John Jeffery, who died Saturday, Jan. 19, was part of the committee that lobbied the government for official community status for Langley City.
Jeffery would go on to sit on the provisional city council that was appointed after incorporation in 1955.
The man integral to the City’s formation never ran for public office, because his father was a business licence inspector and John didn’t want to run into a conflict of interest.
Instead, he helped many community groups and committees. He was also invited to run for provincial politics but opted not to.
At his side the whole time while he was involved in the community, was his wife, Charmaine, whom he married in 1950. He is survived by his wife, their son Bryce, his wife Marianne and John’s grandchildren Coralie, Tiffany and Thomas.
John’s father came out from Saskatchewan at the encouragement of his sister and her husband, E.J. Cox. Cox founded the Langley Advance.
“John used to help out at the Langley Advance,” Bryce explained.
He was also a Vancouver Sun reporter, working under then editor Pierre Berton in the late 1940s.
“Dad was a good writer,” Bryce commented.
John had served in the RCAF during the Second World War.
Mayor Peter Fassbender spoke of Jeffery’s passing at the Jan. 21 council meeting. Jeffery was 91.
“John was instrumental in the formation of the City of Langley,” the mayor said.
Langley City came about because the small urban area, known as Langley Prairie, was taxed by the Municipality of Langley but was not receiving adequate services such as sewer, water or street lighting.
In 1951, residents of the area called for incorporation, an idea that had been around since before 1940. An incorporation committee, which included John, was struck.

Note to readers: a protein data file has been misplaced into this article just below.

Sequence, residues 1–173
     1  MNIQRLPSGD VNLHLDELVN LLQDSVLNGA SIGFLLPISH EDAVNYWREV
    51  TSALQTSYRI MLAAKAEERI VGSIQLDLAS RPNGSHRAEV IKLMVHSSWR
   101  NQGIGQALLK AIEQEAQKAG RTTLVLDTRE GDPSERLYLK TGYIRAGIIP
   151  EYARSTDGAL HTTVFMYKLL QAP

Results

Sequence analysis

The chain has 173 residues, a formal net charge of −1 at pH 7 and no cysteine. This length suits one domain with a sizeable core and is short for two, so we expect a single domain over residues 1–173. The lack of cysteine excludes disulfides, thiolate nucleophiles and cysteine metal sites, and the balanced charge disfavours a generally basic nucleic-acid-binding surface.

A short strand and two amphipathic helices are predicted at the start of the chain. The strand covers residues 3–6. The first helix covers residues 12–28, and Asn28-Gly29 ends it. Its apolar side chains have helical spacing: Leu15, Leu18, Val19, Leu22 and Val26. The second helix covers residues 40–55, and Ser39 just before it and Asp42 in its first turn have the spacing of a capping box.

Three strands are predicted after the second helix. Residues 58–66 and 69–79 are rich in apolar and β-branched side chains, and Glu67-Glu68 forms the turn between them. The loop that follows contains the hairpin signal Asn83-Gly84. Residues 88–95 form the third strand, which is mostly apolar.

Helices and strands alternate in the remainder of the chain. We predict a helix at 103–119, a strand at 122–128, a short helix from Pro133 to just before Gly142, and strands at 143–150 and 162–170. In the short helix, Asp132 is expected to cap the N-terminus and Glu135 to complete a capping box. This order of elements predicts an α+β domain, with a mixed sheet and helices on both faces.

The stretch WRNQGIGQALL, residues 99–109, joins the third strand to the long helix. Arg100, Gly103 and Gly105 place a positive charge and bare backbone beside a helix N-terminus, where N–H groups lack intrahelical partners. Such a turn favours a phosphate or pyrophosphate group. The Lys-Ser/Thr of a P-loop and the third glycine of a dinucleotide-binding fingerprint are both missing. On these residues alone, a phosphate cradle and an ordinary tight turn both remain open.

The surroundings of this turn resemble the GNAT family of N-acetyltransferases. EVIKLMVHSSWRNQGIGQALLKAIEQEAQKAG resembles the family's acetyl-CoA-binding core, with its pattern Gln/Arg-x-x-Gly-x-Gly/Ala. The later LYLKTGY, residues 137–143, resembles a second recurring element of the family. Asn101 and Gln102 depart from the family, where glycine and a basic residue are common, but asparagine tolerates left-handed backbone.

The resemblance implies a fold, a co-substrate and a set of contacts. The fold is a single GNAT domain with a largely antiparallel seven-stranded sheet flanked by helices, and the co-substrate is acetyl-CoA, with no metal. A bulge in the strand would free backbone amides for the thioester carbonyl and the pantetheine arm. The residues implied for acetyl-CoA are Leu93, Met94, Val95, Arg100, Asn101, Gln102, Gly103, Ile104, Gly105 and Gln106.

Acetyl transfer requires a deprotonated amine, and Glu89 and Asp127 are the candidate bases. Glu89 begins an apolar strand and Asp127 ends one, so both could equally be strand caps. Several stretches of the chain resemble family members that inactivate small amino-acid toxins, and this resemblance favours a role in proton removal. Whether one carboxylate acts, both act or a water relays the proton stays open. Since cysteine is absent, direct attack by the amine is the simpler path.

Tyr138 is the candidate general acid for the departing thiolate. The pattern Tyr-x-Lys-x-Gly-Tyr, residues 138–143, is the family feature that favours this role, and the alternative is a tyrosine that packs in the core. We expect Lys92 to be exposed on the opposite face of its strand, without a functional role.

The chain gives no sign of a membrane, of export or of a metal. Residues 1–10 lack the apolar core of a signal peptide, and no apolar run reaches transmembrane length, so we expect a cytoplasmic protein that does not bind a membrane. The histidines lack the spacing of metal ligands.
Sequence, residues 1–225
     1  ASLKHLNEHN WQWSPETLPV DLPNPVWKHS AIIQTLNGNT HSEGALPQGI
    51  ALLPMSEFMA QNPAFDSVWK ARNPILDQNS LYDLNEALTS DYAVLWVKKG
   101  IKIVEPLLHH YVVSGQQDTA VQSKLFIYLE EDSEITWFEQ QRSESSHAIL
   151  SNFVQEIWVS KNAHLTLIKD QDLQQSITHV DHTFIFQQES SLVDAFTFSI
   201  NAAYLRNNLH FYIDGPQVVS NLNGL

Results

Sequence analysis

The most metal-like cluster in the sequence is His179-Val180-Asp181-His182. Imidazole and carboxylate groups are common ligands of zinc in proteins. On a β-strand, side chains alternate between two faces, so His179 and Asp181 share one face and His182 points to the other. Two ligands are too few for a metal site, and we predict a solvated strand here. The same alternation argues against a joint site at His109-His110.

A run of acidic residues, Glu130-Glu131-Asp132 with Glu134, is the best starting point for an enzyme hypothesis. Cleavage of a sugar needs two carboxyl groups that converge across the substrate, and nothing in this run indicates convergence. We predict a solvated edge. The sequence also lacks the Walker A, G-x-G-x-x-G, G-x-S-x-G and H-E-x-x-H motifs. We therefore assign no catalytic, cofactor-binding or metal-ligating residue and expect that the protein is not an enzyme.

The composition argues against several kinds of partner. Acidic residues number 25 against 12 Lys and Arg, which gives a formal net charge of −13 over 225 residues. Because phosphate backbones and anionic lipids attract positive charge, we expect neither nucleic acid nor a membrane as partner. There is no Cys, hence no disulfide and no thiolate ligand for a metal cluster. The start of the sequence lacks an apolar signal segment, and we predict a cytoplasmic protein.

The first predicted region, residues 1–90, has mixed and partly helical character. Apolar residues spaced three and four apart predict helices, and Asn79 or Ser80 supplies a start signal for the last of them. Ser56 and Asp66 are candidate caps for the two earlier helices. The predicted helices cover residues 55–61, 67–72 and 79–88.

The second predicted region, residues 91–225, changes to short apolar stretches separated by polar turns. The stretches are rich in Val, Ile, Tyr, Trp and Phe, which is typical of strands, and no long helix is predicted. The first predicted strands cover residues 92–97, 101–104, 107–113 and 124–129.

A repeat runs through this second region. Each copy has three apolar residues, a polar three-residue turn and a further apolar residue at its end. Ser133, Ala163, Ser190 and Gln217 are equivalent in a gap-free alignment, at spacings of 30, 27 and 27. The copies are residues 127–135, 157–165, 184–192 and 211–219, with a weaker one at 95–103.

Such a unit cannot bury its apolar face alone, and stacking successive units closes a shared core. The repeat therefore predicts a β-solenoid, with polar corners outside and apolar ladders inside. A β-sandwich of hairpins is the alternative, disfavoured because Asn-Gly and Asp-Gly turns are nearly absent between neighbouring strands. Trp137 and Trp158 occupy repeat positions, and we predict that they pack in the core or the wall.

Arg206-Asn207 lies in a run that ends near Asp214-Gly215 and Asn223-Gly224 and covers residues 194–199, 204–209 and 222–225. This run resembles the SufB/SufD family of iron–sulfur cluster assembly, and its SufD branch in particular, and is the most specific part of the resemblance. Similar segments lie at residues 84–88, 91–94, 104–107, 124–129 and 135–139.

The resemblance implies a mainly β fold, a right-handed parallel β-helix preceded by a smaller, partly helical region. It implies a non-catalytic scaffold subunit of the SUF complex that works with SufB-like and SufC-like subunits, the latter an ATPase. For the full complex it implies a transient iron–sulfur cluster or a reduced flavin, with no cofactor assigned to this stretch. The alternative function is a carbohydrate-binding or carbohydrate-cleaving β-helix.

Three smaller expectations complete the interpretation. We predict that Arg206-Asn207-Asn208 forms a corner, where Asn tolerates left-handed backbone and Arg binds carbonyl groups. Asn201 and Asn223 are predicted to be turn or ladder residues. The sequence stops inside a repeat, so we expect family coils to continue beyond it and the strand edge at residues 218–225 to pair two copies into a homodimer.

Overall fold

A 1952 petition for incorporation received widespread support from Langley Prairie residents.
After the province passed Bill 72, the government insisted on a vote confirming residents’ desire for a separate municipality and the vote was more than 90 per cent in favour.
“He was one of the pioneers in getting the boundaries of the community created,” said Councillor Gayle Martin. “Throughout the years he’s been quite a supporter of the City.”
Over the years, John had also been president of groups such as the Royal Canadian Legion Branch 21, the Langley Junior Chamber of Commerce, the Langley Red Cross, the Langley Amateur Athletic Association, and vice president of the Langley Board of Trade as well as other provincial and local efforts.
“The pride of his community involvement was the relationship with the creation and the continuation of the City of Langley,” Bryce said.
John Jeffery was integral to many key land decisions in the downtown, such as the creation of Douglas Park and a foot corridor that would become McBurney Lane.
John told the large crowd at the annual City Volunteer Banquet for the Freedom of the City ceremony back in 2008 that it was love at first sight with the place that would be his longtime home.
“It was on a Friday afternoon in August of 1931 when my father drove our old Graham Paige... a big old car, down Yale Road, which you now, of course, call Fraser Highway, with my mother and myself, a 10-year-old excited kid,” John said. “I immediately fell in love with my new home, an affection that has never left me.”
The family will have private services.